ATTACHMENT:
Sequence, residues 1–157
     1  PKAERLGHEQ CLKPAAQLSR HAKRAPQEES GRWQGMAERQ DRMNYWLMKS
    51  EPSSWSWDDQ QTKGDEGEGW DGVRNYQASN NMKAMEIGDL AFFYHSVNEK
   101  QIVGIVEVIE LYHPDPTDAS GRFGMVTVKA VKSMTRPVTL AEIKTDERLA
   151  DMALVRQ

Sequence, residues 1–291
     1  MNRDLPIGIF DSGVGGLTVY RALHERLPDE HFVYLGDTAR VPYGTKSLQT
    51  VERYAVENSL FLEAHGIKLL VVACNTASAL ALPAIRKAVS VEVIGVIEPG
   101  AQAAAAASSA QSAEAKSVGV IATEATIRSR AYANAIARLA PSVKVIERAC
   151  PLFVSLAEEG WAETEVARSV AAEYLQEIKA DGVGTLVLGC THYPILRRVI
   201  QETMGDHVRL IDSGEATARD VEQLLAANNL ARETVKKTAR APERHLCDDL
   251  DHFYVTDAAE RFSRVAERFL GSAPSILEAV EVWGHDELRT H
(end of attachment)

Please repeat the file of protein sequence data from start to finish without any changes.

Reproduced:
Sequence, residues 1–157
     1  PKAERLGHEQ CLKPAAQLSR HAKRAPQEES GRWQGMAERQ DRMNYWLMKS
    51  EPSSWSWDDQ QTKGDEGEGW DGVRNYQASN NMKAMEIGDL AFFYHSVNEK
   101  QIVGIVEVIE LYHPDPTDAS GRFGMVTVKA VKSMTRPVTL AEIKTDERLA
   151  DMALVRQ

Sequence, residues 1–291
     1  MNRDLPIGIF DSGVGGLTVY RALHERLPDE HFVYLGDTAR VPYGTKSLQT
    51  VERYAVENSL FLEAHGIKLL VVACNTASAL ALPAIRKAVS VEVIGVIEPG
   101  AQAAAAASSA QSAEAKSVGV IATEATIRSR AYANAIARLA PSVKVIERAC
   151  PLFVSLAEEG WAETEVARSV AAEYLQEIKA DGVGTLVLGC THYPILRRVI
   201  QETMGDHVRL IDSGEATARD VEQLLAANNL ARETVKKTAR APERHLCDDL
   251  DHFYVTDAAE RFSRVAERFL GSAPSILEAV EVWGHDELRT H